The Tip.It Times


Issue 29999gp

How to Grow Up With a Game

Written by and edited by MonkeyChee

It's late at night on a holiday weekend, and that means reflection. Take a look at the ages and join dates of people around the forums. Chances are the person you just happened to click on has been here since they were a teenager. It's a bit surreal to think about, but in spite of all of the doomsaying, the game has lasted long enough to see even the players that joined around the halfway mark make it through college, even if there's only a small, dedicated number left now. And of those, it's safe to assume that the majority have found their way into some community or another.

The interesting thing is that it does away with the typical anonymity of the internet - since you can't really spend a fair portion of your life around a group of people and not call them friends. The community essentially transcends the game, as evidenced by the number of ex-scapers hanging around on this very forum, and should the game finally die the way its fanbase has been planning for a decade, it will probably outlive it. It's not surprising, considering the way the game is built. The game is slow and, outside of certain metagame circles, reasonably relaxed. A lot of the time, there's not much else to do but talk. If you're working toward a long goal, you may as well get comfortable.

Perhaps part of the reason for that is that it was the 'gateway' MMO of its generation: I obviously can't speak for everyone, but nowadays I'd require a lot of pushing to sign up for a similar game and I'd mostly stick with friends, but the lack of options back then made the game a sort of melting pot. United by a common interest and most likely a common generation, but otherwise with wildly different backgrounds and ideals. Essentially, life experience masquerading as a silly game, which almost (accidentally) justifies the time sink aspect.

So if you have nothing better to do over this holiday weekend, think back at how that melting pot has changed the way you look at the world. If it hasn't, thank the people you've stuck with anyway; it hardly matters if you've never seen them before, after several years of misspent youth, they're still friends. They've left a mark on you just as much as you have on them; whether you regret the time you've spent on this game or not. And if you do, then hopefully the people you've met along the way have made it worthwhile. Think back to what you've learned from it, rather than wonder about whether you could have been better off if you spent that time on your grades instead: I for one learned more about both the world and myself from here than I would have if I had buried myself in a textbook.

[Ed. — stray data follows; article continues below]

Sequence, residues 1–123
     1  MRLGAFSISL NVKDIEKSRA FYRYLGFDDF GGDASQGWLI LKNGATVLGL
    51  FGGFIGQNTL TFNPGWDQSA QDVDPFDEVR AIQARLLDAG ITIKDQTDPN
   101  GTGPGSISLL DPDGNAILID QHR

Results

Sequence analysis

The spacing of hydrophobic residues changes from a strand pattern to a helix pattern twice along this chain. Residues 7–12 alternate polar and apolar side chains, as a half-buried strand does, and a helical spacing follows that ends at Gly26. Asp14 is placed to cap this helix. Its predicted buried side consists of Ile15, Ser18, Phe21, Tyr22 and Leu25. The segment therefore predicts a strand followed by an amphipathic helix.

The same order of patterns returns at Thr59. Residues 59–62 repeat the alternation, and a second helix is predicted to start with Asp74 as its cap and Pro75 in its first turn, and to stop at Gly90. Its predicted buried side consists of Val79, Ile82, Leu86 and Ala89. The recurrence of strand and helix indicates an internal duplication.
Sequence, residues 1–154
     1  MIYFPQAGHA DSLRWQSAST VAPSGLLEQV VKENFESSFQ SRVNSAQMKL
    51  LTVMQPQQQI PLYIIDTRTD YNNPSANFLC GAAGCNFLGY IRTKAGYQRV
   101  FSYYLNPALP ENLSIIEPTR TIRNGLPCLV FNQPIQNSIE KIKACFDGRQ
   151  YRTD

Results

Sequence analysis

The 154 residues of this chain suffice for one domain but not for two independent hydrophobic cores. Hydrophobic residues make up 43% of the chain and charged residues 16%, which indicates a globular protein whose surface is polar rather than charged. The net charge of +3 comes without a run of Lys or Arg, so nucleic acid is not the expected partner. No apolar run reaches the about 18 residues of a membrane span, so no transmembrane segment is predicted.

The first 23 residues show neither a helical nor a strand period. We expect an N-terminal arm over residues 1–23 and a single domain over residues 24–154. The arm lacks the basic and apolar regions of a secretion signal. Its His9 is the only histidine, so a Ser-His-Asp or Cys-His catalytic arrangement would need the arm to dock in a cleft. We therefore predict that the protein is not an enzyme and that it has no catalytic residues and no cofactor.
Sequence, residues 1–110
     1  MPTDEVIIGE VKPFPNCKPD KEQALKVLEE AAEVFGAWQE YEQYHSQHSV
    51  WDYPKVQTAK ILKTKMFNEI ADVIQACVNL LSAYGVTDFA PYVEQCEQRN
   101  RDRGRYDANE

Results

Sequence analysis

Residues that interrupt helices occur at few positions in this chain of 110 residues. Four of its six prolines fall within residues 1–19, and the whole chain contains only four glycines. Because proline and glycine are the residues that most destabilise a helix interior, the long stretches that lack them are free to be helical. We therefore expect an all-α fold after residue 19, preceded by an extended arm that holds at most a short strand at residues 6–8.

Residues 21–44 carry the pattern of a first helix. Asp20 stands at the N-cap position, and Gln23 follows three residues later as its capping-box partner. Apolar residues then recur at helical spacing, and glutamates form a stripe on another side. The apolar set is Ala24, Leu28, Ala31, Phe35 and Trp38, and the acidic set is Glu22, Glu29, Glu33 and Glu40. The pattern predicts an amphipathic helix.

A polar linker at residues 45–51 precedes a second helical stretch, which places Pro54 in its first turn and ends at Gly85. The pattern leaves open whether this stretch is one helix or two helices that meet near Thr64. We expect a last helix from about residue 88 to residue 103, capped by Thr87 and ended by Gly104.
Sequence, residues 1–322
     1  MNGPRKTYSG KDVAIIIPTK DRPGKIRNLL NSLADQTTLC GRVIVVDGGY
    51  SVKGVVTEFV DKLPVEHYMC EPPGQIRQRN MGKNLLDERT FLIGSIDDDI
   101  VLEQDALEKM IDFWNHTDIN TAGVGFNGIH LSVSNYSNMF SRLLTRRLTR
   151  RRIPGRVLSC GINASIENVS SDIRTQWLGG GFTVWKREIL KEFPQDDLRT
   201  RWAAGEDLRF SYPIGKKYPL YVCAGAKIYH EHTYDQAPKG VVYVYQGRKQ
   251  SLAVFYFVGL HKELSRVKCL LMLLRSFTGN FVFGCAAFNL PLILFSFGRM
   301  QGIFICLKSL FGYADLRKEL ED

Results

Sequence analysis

On the other hand, these same connections are currently showing me that at least one former Runescaper on the east coast is playing Bloodborne while I'm falling asleep at my keyboard. The real lesson, then, is that insomniacs and nocturnal gamers exist, and I'm not one of them. With that, good night (morning), and enjoy the holiday weekend. Whether you celebrate anything or not, it's as good a day as any to acknowledge the people that helped you get this far. You're going to grow whether you like it or not, why regret it?


Do you have any thoughts or comments about this week's articles? Want to discuss these articles with your fellow RuneScapers? We invite you to discuss them in this forum topic.


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Tags: Community Real Life

Have you ever fought Araxxor/Araxxi, or other high level bosses?



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